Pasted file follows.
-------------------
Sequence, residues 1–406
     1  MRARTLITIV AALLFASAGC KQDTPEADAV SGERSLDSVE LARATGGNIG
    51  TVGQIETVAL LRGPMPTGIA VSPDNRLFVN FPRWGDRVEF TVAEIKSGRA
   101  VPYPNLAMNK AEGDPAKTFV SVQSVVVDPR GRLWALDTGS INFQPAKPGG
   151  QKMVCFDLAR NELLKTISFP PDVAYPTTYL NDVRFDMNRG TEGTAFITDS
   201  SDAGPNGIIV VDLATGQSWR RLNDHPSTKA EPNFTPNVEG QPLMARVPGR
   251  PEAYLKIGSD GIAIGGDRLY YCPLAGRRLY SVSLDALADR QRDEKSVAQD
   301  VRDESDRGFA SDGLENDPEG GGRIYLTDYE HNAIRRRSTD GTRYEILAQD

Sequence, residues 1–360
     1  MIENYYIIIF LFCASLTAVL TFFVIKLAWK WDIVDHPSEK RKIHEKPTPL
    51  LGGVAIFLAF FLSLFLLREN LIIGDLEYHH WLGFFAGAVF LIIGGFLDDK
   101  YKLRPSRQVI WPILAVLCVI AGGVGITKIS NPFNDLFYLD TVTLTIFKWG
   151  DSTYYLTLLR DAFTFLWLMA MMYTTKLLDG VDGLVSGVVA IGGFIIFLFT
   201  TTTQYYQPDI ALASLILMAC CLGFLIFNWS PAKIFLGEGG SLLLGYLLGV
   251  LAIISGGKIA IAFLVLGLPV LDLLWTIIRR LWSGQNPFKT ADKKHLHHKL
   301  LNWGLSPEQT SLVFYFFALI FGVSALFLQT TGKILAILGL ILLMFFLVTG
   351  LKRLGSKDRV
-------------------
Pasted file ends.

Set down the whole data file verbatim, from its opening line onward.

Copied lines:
Sequence, residues 1–406
     1  MRARTLITIV AALLFASAGC KQDTPEADAV SGERSLDSVE LARATGGNIG
    51  TVGQIETVAL LRGPMPTGIA VSPDNRLFVN FPRWGDRVEF TVAEIKSGRA
   101  VPYPNLAMNK AEGDPAKTFV SVQSVVVDPR GRLWALDTGS INFQPAKPGG
   151  QKMVCFDLAR NELLKTISFP PDVAYPTTYL NDVRFDMNRG TEGTAFITDS
   201  SDAGPNGIIV VDLATGQSWR RLNDHPSTKA EPNFTPNVEG QPLMARVPGR
   251  PEAYLKIGSD GIAIGGDRLY YCPLAGRRLY SVSLDALADR QRDEKSVAQD
   301  VRDESDRGFA SDGLENDPEG GGRIYLTDYE HNAIRRRSTD GTRYEILAQD

Sequence, residues 1–360
     1  MIENYYIIIF LFCASLTAVL TFFVIKLAWK WDIVDHPSEK RKIHEKPTPL
    51  LGGVAIFLAF FLSLFLLREN LIIGDLEYHH WLGFFAGAVF LIIGGFLDDK
   101  YKLRPSRQVI WPILAVLCVI AGGVGITKIS NPFNDLFYLD TVTLTIFKWG
   151  DSTYYLTLLR DAFTFLWLMA MMYTTKLLDG VDGLVSGVVA IGGFIIFLFT
   201  TTTQYYQPDI ALASLILMAC CLGFLIFNWS PAKIFLGEGG SLLLGYLLGV
   251  LAIISGGKIA IAFLVLGLPV LDLLWTIIRR LWSGQNPFKT ADKKHLHHKL
   301  LNWGLSPEQT SLVFYFFALI FGVSALFLQT TGKILAILGL ILLMFFLVTG
   351  LKRLGSKDRV